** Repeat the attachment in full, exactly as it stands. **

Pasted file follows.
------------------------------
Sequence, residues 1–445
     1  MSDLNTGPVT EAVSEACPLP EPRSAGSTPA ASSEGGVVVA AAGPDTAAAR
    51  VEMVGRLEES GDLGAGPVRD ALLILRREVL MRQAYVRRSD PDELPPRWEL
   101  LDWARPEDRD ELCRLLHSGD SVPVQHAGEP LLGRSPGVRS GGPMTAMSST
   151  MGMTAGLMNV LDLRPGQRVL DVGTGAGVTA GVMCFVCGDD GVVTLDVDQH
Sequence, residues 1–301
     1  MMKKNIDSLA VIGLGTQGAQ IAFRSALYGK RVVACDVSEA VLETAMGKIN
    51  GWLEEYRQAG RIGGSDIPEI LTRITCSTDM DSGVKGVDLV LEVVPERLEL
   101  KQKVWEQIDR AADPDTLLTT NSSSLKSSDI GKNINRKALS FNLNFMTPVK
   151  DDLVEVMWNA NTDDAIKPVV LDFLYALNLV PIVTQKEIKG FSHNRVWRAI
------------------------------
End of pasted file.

Sequence, residues 1–445
     1  MSDLNTGPVT EAVSEACPLP EPRSAGSTPA ASSEGGVVVA AAGPDTAAAR
    51  VEMVGRLEES GDLGAGPVRD ALLILRREVL MRQAYVRRSD PDELPPRWEL
   101  LDWARPEDRD ELCRLLHSGD SVPVQHAGEP LLGRSPGVRS GGPMTAMSST
   151  MGMTAGLMNV LDLRPGQRVL DVGTGAGVTA GVMCFVCGDD GVVTLDVDQH
Sequence, residues 1–301
     1  MMKKNIDSLA VIGLGTQGAQ IAFRSALYGK RVVACDVSEA VLETAMGKIN
    51  GWLEEYRQAG RIGGSDIPEI LTRITCSTDM DSGVKGVDLV LEVVPERLEL
   101  KQKVWEQIDR AADPDTLLTT NSSSLKSSDI GKNINRKALS FNLNFMTPVK
   151  DDLVEVMWNA NTDDAIKPVV LDFLYALNLV PIVTQKEIKG FSHNRVWRAI